What are the key fraud trends to look out for in 2022? Cybersource Managed Risk Analysts share their top five.
Through their work supporting global clients in many different industries to manage and mitigate fraud, our Managed Risk Analysts have their fingers on the pulse of the current fraud landscape. Here, we outline five key fraud trends they've identified as we head into 2022, and offer some hints and tips for merchants to help protect themselves and their customers.
1. Friendly fraud will continue to be the No. 1 fraud attack
Friendly fraud occurs when a customer requests a chargeback from their bank despite having received the goods or services they ordered. Merchants of all sizes tell us that friendly fraud is now the No. 1 fraud attack they have to deal with (up from No. 5 in 2019).1
So what lies behind friendly fraud? Consumers spending long hours at home during pandemic-related restrictions may have made impulse purchases, then experienced buyers' remorse.
It’s almost impossible to address friendly fraud before it happens, so you need to ensure you have a robust process in place to identify and act on it once it takes place. Our research shows that 80 percent of merchants take a multi-pronged approach to counteract friendly fraud.2 Tactics include customer notifications, clear payment and return policies, a rigorous chargeback process, and verification measures to confirm customer identities. Identity behavior analytics included in fraud management tools like Cybersource Decision Manager also help, by enabling you to analyze customer risk based on past behavior.
2. Refund fraud will take many forms
Like friendly fraud, with which it may be linked, refund fraud also occurs post transaction. Individuals who attempt refund fraud may count on refunds being handled by a merchant's customer service agents, who may have little knowledge of the fraud landscape. A refund policy that's very generous or doesn't feature many fraud checks can spark significant losses for the retailer if organized fraudsters take advantage.
Refund fraud typically involves the non-return of goods, or the sending back of a different item than the one originally purchased. It can be a grey area for merchants, however, as customers making genuine refund requests may legitimately:
- Have no item to send back, owing to non-delivery or "porch piracy"
- Be returning an item precisely because it isn't what they ordered
So-called professional refunders are increasingly emerging, who market themselves as experts in certain merchants' returns policies, with strategies to make it more likely that refunds will be approved. They typically charge a fee of up to 40 percent of the value of the item once the refund is complete. They also discourage their customers from targeting the same merchant more than once a year, which makes it especially challenging for merchants to anticipate the tactic.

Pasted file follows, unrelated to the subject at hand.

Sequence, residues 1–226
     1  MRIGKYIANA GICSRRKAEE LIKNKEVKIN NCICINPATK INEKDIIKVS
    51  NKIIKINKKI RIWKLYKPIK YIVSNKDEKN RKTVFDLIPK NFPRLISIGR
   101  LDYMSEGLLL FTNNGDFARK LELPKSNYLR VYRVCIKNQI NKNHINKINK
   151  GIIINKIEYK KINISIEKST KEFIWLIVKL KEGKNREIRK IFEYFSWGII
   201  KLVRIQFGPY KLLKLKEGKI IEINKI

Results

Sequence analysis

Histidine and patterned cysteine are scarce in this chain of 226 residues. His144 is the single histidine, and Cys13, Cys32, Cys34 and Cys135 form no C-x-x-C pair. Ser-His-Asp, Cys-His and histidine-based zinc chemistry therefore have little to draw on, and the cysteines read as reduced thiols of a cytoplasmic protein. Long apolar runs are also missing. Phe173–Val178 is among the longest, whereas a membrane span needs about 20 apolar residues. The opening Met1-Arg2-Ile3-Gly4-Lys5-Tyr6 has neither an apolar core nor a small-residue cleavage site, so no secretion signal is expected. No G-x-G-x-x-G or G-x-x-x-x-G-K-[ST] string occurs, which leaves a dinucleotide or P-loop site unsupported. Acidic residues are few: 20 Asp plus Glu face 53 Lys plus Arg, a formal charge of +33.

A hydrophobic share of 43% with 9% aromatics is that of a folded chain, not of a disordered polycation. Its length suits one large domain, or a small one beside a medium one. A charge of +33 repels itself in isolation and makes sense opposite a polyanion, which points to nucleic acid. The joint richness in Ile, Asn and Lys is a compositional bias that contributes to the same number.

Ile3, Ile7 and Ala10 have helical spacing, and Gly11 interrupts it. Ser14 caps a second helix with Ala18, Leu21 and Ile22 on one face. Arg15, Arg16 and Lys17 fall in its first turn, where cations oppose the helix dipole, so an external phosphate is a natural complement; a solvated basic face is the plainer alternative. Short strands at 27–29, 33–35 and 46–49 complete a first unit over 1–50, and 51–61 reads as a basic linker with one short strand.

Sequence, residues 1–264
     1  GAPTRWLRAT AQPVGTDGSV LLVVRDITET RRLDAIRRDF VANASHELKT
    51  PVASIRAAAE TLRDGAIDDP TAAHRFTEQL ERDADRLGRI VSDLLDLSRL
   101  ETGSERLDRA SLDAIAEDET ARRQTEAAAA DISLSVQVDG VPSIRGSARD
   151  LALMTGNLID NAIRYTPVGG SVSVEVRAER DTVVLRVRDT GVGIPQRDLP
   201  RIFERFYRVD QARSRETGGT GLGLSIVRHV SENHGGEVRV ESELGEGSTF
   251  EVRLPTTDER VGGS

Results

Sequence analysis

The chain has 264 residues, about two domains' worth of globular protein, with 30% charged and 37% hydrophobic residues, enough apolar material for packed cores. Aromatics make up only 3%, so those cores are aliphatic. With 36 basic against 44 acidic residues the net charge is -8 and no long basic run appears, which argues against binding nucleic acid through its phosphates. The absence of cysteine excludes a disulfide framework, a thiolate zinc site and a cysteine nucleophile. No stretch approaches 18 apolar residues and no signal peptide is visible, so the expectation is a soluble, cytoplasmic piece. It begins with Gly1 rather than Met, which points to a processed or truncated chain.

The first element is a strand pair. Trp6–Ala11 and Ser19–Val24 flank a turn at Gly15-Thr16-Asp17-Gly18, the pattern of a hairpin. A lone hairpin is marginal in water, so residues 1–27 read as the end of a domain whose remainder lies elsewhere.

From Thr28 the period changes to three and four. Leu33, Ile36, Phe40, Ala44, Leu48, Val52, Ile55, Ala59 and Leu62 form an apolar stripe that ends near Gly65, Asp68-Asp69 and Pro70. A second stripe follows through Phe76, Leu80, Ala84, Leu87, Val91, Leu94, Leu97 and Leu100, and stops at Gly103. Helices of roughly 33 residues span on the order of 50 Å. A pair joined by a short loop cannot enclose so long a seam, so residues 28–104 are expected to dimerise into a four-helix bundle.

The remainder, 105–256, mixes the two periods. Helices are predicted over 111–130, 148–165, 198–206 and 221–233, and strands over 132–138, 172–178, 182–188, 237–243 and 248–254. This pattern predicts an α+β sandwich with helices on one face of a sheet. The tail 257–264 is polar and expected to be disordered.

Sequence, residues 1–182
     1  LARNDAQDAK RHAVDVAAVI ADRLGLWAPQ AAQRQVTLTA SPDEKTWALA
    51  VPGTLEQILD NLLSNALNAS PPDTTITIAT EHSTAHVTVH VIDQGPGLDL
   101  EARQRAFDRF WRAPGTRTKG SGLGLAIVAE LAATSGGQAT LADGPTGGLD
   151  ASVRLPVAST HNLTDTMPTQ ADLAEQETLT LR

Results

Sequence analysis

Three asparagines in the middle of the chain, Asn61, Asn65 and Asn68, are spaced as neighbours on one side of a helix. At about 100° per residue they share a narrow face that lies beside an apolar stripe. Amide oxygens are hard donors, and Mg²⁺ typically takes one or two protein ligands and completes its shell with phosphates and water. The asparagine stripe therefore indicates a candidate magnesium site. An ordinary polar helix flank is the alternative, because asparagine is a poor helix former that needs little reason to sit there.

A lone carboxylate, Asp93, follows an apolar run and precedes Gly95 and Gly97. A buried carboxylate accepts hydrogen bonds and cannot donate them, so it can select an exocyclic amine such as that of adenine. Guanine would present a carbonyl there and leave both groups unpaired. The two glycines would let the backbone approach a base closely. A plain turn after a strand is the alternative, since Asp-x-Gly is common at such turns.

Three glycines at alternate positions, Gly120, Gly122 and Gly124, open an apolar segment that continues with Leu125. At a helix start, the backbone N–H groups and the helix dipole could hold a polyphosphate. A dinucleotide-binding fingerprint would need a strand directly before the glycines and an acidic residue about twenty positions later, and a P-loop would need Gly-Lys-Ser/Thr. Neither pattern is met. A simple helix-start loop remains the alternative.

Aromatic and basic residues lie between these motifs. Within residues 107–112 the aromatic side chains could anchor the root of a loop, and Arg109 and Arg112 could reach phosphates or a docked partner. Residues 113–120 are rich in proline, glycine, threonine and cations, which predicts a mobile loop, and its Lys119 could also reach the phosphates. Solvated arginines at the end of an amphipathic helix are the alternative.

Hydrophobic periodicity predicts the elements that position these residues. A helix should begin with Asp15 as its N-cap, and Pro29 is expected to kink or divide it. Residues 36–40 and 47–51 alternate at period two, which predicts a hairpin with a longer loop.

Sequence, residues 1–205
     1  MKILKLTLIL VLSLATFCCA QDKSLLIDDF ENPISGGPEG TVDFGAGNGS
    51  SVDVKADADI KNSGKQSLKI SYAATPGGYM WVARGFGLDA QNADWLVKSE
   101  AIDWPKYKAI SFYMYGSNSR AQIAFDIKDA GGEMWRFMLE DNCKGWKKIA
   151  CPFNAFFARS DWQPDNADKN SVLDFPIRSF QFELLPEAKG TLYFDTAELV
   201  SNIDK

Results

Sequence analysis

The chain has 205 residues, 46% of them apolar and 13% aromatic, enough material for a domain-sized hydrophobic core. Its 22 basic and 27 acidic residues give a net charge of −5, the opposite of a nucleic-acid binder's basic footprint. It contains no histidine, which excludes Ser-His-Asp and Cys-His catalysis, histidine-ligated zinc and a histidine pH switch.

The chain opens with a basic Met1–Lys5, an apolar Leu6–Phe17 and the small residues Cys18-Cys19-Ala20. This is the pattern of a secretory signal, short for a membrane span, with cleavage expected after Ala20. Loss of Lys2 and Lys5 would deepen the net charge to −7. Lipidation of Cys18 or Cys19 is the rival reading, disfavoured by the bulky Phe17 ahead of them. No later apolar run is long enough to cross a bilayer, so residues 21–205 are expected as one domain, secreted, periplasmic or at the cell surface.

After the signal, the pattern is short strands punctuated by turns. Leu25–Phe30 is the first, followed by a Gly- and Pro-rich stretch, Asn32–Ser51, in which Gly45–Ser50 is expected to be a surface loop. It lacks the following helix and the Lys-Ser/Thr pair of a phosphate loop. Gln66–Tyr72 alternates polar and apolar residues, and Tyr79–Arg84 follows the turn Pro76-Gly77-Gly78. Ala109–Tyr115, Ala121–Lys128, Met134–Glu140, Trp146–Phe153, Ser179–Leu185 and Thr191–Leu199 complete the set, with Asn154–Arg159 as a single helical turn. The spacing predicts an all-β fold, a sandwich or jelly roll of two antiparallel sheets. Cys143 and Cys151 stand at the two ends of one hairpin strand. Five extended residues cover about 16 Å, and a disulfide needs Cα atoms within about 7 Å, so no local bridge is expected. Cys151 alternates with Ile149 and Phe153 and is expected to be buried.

3. You'll need to defend against card testing and botnet attacks
To determine the validity of stolen card numbers, fraudsters may perform card testing—attempting small purchases on a merchant’s site to see which cards get approved. The fraudster can then go on to make larger purchases with the approved cards, or resell the validated information on the dark web.
Manually testing cards is time consuming, so fraudsters will use botnets to run thousands of low-value transactions in a short space of time. These attacks can be a drain on a merchant's resources, generate high volumes of authorization processing fees—causing a revenue hit, and may also harm the merchant's brand.
4. Social media: where fraudsters increasingly communicate
Previously, fraudsters used the dark web to share tips and strategies, but we're seeing more of these exchanges on alternative social media apps, like Telegram—and even on mainstream networks like Twitter, Facebook and TikTok. Influencers with a following can promote fraud and teach their followers about it.
To help your business stay up to date with the latest information circulating among fraudsters, consider assigning a member of your fraud management team to those communities—ideally, someone able to reverse-engineer the tips and guides being shared.
5. Buy Now, Pay Later: a growing challenge for both genuine and fraudulent transactions
The Buy Now, Pay Later (BNPL) payment method is becoming more popular among consumers and fraudsters. Providers—such as Klarna—deliver BNPL using one-time (or "ghost") payment cards. Although merchants will see the payments coming through as regular cards, these one-time cards can present new challenges to traditional fraud screening solutions.
For example, if one-time cards aren't correctly identified in the fraud screening system, it may look as though a customer paying via BNPL has used multiple cards in a short period of time, rather than the single card they used originally to place the order.
One-time card numbers may also be attractive to fraudsters, as they potentially allow them to bypass negative or product-specific velocity rules.
To help safeguard your business and your customers in 2022, consider choosing a fraud screening solution that offers wide-ranging capabilities and is backed up by the experience and expertise of fraud management experts.
1 2021 Global Fraud Report, Cybersource and MRC, 2021, p16
2 2021 Global Fraud Report, Cybersource and MRC, 2021, p17